Once when I went into those woods I saw a single hot pink orchid
on the hillside and I had to keep reminding myself not to 
tell the baby about the beautiful small things I was seeing. 
So, hot pink has been here forever and I don’t even care 
about that color or how Andy Warhol showed me an orchid.
I hate pink. It makes my eyes burn.



NATHAN McCLAIN Issue 13. 2010. Page 22.

MAN REFLECTING ON MAN 

One man made of breath caresses furniture
Left on a lawn overnight. Another 

Man made of sawdust separates when kissed
By wind. He coats the inside of a coffee mug

Waiting to be filled with sunlight.
One man tucks himself behind I. Another

Pours his nearsightedness into a spyglass
Sees the sea lapping itself, sees the forest

Falling open like a mouth, tree limbs hung limp
With fruit. One man dreams himself a stone

Lodged in the slingshot’s jaw, dreams himself
The door of an unspoken word. Another

Hears a voice & echoes the voice he hears.
One man’s lips touch lips smudging

A wine glass, the way one cigarette sets another
One aflame. Then, in the bright doorway

Of the unspoken word, a silhouette appears.



ELIZABETH TWIDDY Issue 13. 2010. Pages 24-25.

TO WILL:

Well! Here we are together, all alone.
You look a little white, but not angry.
With that loop of rope around your neck, the hole
of your mouth, stunned, you look struck by fear.
You’re pinned neatly in this tree –Whoosh! Wings
flush out in the distant woods, a blue

sound. You know, in the pre-dawn light, everything is blue.
It reminds me of a time I woke up alone,
barefoot, in the woods. I’d been sleepwalking. The sound of wings
woke me up. First I was startled, then angry
at myself for panicking: I was lost with no light. Fear
choked me. How would I find my way home? Holes

in the black sky made chinks of light between pines. Holes
in the ground were visible now: my footprints, blue
in the damp earth. I followed them home without fear.
Will, are you afraid of being alone?
I must admit I feel a little angry
seeing you hanging here. Are you listening? Wings

are pulsing everywhere. Inside us, beyond us, wings
are thundering. I imagine you now in a kind of hole,
a vacuum, no light, no sound, but full of anger.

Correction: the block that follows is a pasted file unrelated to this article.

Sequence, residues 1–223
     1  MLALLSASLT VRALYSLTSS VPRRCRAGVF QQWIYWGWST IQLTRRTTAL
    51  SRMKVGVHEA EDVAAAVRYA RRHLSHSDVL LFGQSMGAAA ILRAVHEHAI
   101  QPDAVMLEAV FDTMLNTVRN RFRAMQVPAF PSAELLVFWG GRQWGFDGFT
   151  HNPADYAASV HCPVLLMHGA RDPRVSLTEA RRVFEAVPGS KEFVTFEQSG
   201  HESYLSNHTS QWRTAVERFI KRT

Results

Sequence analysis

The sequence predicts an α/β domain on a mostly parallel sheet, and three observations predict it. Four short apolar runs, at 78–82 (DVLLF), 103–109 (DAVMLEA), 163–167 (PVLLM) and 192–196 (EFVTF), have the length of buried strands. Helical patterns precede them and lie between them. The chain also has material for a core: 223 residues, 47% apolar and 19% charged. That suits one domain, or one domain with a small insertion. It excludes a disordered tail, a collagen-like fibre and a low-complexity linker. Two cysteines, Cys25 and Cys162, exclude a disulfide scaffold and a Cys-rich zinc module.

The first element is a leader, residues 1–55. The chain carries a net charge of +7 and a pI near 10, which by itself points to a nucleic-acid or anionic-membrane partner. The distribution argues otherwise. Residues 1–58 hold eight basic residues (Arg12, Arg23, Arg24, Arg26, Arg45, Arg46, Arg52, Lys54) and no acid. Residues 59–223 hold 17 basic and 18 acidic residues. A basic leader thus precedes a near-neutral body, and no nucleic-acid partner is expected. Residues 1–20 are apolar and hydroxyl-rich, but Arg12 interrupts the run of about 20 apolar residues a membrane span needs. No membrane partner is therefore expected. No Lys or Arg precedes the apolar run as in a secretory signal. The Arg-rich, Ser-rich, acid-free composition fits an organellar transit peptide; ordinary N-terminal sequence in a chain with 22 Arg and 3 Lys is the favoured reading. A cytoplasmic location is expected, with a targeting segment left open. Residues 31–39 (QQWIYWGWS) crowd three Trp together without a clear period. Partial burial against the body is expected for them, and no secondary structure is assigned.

Do you remember the time I turned blue?
When I woke up, my chest felt bruised. I was alone;
I couldn’t breathe. The world of my mind turned white with fear.

I went to the emergency room where doctors thrushed with fear
like birds in their white coats, fluttering their wings
around the x-rays. They left me on the steel table alone
while they chittered among themselves. I felt myself sink in a hole
of white light, until I was aware of nothing. Blue,
when I woke up. Blue veins, blue gown, blue tube. Angry

wings above my head. White light, pixels of angry
light thrashing madly. The tube was a plastic hole, like fear
running air into my lung, tissue paper, blue,
saying yes pink, saying no blue, my lungs, like wings
catching new wind, my delicate, flimsy hole,
and lo and behold I was still alive and alone.


When they beat their angry wings,
do you feel fear inside your hole?
You bastard, I’m blue, and alone.




JEANNINE HALL GAILEY Issue 13. 2010. Page 37.

SHE JUSTIFIES RUNNING AWAY

I just wanted to be somewhere
I could smell lemon trees in April
where the sea wind wasn’t quite as cold
(you know this damp grows in my lungs
like a plague) and the sky a bit less weepy.
I missed my land of pomegranates and figs,
of ripe cheese and blood orange,
the tart black taste of volcanic soil.
It wasn’t you, sweet prince, or our tiny castle
(the dust mounting in closets) or the crying
wounded mouths of children.
It was sunlight that burned my memory.
It was my lips that craved a sweeter fruit.
It was the citrus blossoms in spring,
the twisted cypresses, the warm salt air.
It was the white, frolicking goats in me that called.
I will shuck myself open to the blue hot world.




CHRIS DOLLARD Issue 13. 2010. Page 41.

SOLITARY (BRAVE)

Everything I know about prison
I learned from you

when I was five. I asked how many 

birthday parties you missed and why
you dug a hole through your closet

into mine with a pencil 

to pass me notes,
both of us huddled in places

where we knew we shouldn’t be.

We heard heavy footfalls
that somehow never found us.

You drew stick figures in striped pajamas.

You said, That’s what we are,
but I thought I wasn’t. 

I could still leave my room.

You weren’t allowed to,
and every note you pushed

through plaster I didn’t understand.

I only saw the alphabet, letters
I was still learning. 

You sat in each corner 

of your room, dreaming 
of sheets tied together 

out the window, 

of scaling walls, of running 
through the woods with me.




JEFF TIGCHELAAR Issue 13. 2010. Page 49

ONE WAY OF LOOKING AT THIRTEEN BLACKBIRDS

A black cat crossing your path is bad for luck, it’s said.
But to cross the path of thirteen blackbirds –
that has to be a sign. There’s meaning
in the way they’re sitting on that line
side by shadowy side,
yellow eyes unblinking,
staring down at you 
all of one mind, 
just waiting
to dive.





PUSHCART NOMINATED POEMS (2009)


MARIA MELENDEZ Issue 12. 2009. Page 6.

TO SURVIVE INSIDE THE WHEEL OF DAYS

“Crocodile mama, crank open those jaws,
let twenty wriggling pipsqueaks out to swim,” we say

to a human soul that’s lay too long in its swamp bottoms,
to a spark of God suffocating in a muddy mind. If 

the soul’s chilled by a deadly bond to what should’ve been lost, 
we call, “Mountain wind, snap gold from the aspen nodes, 

cover the summer-dun fields with flutter and color.” In our 
bethel of remedies, we, the blue-striped lizard ladies,